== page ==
Thanks for a very interesting read. Since you asked for a comment from a medical perspective, let me give you my 5 cents on automation. I've been a medical doctor in Sweden for 5 years now, and recently started my residency in radiology. Before choosing my current field, I was quite worried I might end up becoming a specialist in a completely automated field of medicine within 5 years. I'm sure if you set IBM's Watson on looking at x-rays, you could get a reasonably high accuracy already now. However the problems with automation in healthcare are manifold.
The biggest problem seems to be that it is done so incredibly inefficiently. You would think using modern software would reduce the need to fill out forms over and over again. Instead it turns out, making things quicker to document, gives you more time to document even more stuff! And because it is implemented in such a bad fashion, we're now filling out forms for several different authorities, that don't communicate with each other. The same data is entered over and over again. Swedish doctors and nurses spend most of their time filling forms and documenting stuff no one cares about any longer. Unless of course you're being reported for some mistake (perceived or real), the mass of text we document is not helping the patients, the medical staff or any researchers.
And yet, Sweden is one of the most advanced IT countries in Europe. This is what gives me most comfort when thinking of automation. Healthcare IT is extremely backwards; I'd say we're using software from the late 90's. Even the server solutions are abysmal, it takes us so long to get journal/medical record texts, and lab reports - simple text and numbers data. And not only is it slow, its insecure as well - I've lost count on how many times the servers are down (sometimes for days!), and healthcare suddenly stops, because we have no way to order new tests or x-rays. Hell, we don't even know whom the patient is without our IT!
Imagine then, an IT revolution in Swedish healthcare, would that make automation possible? I'd argue it would start, but that it'd take at least another 10 years until it starts to become reality. The reason? Human workers are extremely all-round capable resources. Our sensors are so exquisite that we don't even think about how we recognize the data from our finger-tips, our nostrils, vision and hearing, all simultaneously. Place a finger on wrist, you feel the patients pulse, heat, wetness among other things. Sure, there are apparatus that can do the same thing, but they cost money, and they break, and they require a technician for service, a technician to use it, and someone to sterilize it. We're a long way from a cheap and reliable all encompassing solution for these problems. Imagine Honda's ASIMO trying to do any of these tasks - 10+ years seems a reasonable time for technology to mature.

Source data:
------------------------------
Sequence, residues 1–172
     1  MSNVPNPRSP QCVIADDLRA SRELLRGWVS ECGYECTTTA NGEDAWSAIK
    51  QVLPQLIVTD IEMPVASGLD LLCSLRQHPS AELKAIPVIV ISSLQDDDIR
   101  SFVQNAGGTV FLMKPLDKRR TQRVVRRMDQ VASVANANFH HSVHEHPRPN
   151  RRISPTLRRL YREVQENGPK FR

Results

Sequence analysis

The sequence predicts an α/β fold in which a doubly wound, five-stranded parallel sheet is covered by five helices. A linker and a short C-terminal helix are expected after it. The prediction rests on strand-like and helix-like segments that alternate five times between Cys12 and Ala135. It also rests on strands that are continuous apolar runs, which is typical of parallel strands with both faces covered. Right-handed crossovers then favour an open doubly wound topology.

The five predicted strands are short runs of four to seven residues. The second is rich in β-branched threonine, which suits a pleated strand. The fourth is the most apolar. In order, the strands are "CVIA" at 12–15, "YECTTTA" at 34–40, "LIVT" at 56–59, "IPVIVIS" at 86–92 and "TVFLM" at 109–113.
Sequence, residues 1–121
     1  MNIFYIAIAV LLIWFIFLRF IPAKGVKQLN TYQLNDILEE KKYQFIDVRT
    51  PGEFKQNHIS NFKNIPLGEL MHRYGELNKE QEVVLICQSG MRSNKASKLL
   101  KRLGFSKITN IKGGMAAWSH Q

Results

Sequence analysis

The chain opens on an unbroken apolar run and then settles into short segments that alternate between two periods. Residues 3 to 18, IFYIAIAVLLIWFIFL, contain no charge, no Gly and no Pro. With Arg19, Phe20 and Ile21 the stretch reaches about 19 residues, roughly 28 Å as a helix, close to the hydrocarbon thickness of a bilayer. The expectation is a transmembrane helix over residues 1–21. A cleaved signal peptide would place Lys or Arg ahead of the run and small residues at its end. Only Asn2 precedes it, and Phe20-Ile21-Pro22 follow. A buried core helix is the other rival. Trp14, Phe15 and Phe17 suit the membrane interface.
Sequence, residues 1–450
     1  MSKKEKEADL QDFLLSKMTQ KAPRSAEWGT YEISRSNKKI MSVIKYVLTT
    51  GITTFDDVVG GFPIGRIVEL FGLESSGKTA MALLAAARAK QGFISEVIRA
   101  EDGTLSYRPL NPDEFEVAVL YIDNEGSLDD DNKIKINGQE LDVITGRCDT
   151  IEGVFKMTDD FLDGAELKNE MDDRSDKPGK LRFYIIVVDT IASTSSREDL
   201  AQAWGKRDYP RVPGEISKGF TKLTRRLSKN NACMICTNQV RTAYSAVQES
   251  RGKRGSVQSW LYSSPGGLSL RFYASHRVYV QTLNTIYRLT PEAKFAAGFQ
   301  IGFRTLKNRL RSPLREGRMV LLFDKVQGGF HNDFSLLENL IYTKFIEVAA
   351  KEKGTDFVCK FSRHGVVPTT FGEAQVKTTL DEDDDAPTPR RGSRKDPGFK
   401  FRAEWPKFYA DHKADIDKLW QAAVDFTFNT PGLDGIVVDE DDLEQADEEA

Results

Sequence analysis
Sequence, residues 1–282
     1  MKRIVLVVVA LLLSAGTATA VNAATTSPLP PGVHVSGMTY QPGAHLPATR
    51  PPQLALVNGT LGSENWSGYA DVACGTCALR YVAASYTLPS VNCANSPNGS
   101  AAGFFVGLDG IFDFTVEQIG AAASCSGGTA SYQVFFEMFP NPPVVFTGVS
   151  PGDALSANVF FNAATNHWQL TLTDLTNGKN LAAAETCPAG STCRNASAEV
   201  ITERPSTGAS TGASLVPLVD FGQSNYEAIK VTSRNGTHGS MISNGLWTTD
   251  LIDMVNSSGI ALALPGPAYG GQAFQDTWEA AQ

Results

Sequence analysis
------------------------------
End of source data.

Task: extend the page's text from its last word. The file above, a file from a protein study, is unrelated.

And what if we did have some sort of capable robot, that could help lift patients onto toilets, give patients their pills and take blood tests, would that mean the end of nurses? Again probably not in the near future, because the healthcare "industry" has an infinite demand and finite resources. You're not replacing workers, you're freeing them to do other tasks for other people.
So what about my field, radiology? Surely a learning AI could learn to interpret x-ray images, at least the easy ones? Yes, at least simple images of normal human beings, but things get tricky when you deal with sick people. Often, they are not normal, sometimes far from it. They are elderly, whom have received random injuries and surgery (which sometimes is random as well) that make them different from normal. Patients with disabilities might not be cooperative during examination, a person with dementia might try to run out of the lab while taking x-ray pictures. Or patients with syndromes, mutations which have a large varied effect on human anatomy.
And when AI does get good enough to examine x-rays and other things, I'm 100% sure legislation will be too slow handle growing privacy issues that arise with handling more and more data. There won't be any actual issues of course, I mean we've all taken an oath, but that doesn't mean that legislators will allow us to implement things quickly, even if it is for the good of our patients.
The problems outlined above are of course possible (and some cases easy) to handle, and believe me, I'd rather the IT problems were solved than going to work and not knowing whom I'm treating or examining. But I think Swedish healthcare simply can't afford to jump headlong into automation, simply because it can't even handle IT and other technology from the last 20 years. I'm (probably) safe in radiology for the future of my career anyway.
Let me know if you think I'm wrong, I might have to rethink my career in that case!